Do a quick search on the video website www.youtube.com and you can find a 54-second clip starring a BMW. It’s not just any BMW. This one is equipped with state-of-the-art infrared technology that improves a driver’s night vision. In the 24 hours after the video first appeared on YouTube last summer, it was downloaded 63,000 times; by the autumn, that number was nearly 200,000. That’s pretty good considering that the €46.6 billion German car maker never intended the clip to be a mass market ad—it had been produced for the corporate website and, unbeknownst to BMW, a car enthusiast got hold of it and uploaded it on YouTube. The accidental success shows how consumers are changing the face of marketing, says Jörg Reimann, head of marketing innovations at BMW.
But the car maker is no stranger to that phenomenon. In 2001, it set up a dedicated team around 12 specialists to focus on innovation, “so that BMW stays ahead of the curve” in terms of tapping into unconventional media that can affect brand awareness and customer loyalty, says Reimann. One benefit has been 2.5m video downloads from its website, like the one featuring an interview with head designer Chris Bangle. Then there are the video podcast pilots. A series of week-long podcasts at recent auto shows in Frankfurt, Detroit and Geneva were a surprise hit attracting more than 400,000 subscribers (so-called “RSS feeds”) from all around the world—in fact, about a third came from Japan, an audience that the marketing planners hadn’t even expected to reach.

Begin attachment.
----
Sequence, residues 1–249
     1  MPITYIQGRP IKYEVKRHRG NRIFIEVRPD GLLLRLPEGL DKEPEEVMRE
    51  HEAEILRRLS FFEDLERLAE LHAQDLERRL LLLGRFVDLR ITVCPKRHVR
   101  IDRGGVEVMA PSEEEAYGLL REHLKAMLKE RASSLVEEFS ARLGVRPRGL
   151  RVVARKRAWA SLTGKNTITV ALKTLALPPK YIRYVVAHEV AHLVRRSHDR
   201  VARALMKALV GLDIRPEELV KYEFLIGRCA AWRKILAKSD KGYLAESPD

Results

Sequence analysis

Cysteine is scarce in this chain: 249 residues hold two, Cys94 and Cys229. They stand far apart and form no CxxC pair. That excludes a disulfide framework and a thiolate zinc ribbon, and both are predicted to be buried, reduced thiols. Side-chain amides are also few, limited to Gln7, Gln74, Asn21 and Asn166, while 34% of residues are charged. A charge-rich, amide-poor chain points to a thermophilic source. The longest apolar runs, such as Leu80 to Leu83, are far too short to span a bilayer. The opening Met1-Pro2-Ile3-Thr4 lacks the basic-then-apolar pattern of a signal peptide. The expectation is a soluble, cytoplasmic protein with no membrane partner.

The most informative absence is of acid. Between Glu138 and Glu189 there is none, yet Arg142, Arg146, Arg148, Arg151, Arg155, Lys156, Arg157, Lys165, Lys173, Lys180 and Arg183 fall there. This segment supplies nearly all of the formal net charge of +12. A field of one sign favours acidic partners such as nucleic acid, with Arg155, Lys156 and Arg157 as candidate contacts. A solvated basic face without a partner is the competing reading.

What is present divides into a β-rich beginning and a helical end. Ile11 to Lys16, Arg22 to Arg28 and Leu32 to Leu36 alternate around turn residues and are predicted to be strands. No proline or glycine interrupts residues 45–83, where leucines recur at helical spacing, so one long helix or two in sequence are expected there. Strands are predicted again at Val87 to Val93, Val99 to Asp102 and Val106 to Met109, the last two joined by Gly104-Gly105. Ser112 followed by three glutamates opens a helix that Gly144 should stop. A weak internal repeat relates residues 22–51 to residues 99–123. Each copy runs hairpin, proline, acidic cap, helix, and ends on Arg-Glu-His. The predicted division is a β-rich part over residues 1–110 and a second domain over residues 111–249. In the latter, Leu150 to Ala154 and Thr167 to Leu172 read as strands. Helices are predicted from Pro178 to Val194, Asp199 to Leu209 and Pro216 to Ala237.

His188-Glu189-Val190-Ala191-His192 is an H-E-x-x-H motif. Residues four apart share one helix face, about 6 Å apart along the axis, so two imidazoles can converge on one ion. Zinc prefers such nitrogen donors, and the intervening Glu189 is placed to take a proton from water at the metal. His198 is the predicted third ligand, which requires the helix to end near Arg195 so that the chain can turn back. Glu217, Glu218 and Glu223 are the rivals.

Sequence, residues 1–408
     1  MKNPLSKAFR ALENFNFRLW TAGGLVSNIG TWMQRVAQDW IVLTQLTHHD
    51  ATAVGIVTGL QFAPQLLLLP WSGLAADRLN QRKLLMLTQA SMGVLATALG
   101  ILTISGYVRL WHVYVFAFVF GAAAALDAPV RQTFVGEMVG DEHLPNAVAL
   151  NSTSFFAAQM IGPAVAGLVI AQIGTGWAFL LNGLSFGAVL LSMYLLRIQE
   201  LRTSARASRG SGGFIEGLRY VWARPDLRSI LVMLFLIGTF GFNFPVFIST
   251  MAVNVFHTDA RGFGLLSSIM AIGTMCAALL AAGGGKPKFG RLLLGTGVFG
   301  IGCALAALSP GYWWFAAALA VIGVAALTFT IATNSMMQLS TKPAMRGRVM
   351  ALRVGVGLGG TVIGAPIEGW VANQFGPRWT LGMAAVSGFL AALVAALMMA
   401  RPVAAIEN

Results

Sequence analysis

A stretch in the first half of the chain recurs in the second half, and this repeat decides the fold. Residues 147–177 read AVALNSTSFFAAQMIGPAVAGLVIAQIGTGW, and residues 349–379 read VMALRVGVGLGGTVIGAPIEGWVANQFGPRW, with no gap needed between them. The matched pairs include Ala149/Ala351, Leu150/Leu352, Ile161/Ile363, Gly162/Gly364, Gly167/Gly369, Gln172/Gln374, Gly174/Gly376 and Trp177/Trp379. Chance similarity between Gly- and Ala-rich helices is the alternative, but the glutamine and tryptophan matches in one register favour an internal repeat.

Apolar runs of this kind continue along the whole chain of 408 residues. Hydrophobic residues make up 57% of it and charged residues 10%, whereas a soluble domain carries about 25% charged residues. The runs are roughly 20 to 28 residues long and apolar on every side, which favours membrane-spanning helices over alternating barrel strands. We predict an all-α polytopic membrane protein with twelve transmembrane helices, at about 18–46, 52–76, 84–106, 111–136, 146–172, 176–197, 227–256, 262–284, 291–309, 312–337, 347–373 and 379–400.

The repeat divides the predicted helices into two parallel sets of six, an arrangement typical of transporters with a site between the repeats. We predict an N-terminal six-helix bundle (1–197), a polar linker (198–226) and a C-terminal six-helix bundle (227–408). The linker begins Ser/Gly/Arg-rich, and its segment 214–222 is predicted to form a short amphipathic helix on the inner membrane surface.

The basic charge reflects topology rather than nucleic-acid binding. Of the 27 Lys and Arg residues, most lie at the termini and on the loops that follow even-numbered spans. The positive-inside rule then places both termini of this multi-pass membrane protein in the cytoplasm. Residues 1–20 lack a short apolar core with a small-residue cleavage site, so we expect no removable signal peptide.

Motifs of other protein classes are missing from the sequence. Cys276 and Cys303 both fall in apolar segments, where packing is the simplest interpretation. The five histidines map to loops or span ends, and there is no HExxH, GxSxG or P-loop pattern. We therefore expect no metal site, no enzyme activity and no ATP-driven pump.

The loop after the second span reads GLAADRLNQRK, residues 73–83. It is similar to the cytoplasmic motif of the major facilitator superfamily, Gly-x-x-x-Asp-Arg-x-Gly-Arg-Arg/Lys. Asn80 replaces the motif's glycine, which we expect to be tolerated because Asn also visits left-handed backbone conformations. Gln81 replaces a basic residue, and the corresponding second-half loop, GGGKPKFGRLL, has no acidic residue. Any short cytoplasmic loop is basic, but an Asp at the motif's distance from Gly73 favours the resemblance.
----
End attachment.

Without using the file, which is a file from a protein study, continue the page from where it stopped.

The challenge for Reimann: is there an ROI or other metric that’ll show whether the investments in video clips, podcasts and the like are contributing to BMW’s bottom line? Not yet, he says. As “new media” marketing booms—the amount of money companies have spent on internet advertising alone has nearly tripled, from €7.3 billion in 2001 to €20.5 billion in 2006, according to investment bank Piper Jaffray—Reimann says the metrics capable of measuring its business impact haven’t had a chance to catch up. “It’s not so easy at the moment,” he says. “The measurements we use for classic media [such as broadcast television] don’t work for most of the new media.”
Other marketers agree that it’s becoming tougher. Getting a grip on marketing’s effectiveness has always been a tough task for them, but now it’s even harder as the popularity of traditional monolithic mass media are quickly giving way to proliferating alternative media. The greater the number of channels, the greater the number of metrics needed to monitor them.
It doesn’t help much that the old metrics are generally flawed. Market share, customer satisfaction, audience cost-of-reach, brand awareness, all are useful, but marketing experts say none shows how an entire chain of marketing events eventually leads to a sale or new business. “Even if [an ad] reached its intended viewers or readers and improved their awareness of the product, these results have little relevance if they don’t ultimately put cash in the company’s coffers,” write Roy Young, vice president of development at online publisher MarketingProfs, and his co-authors, Allen Weiss and David Stewart, in Marketing Champions (John Wiley & Sons, 2006).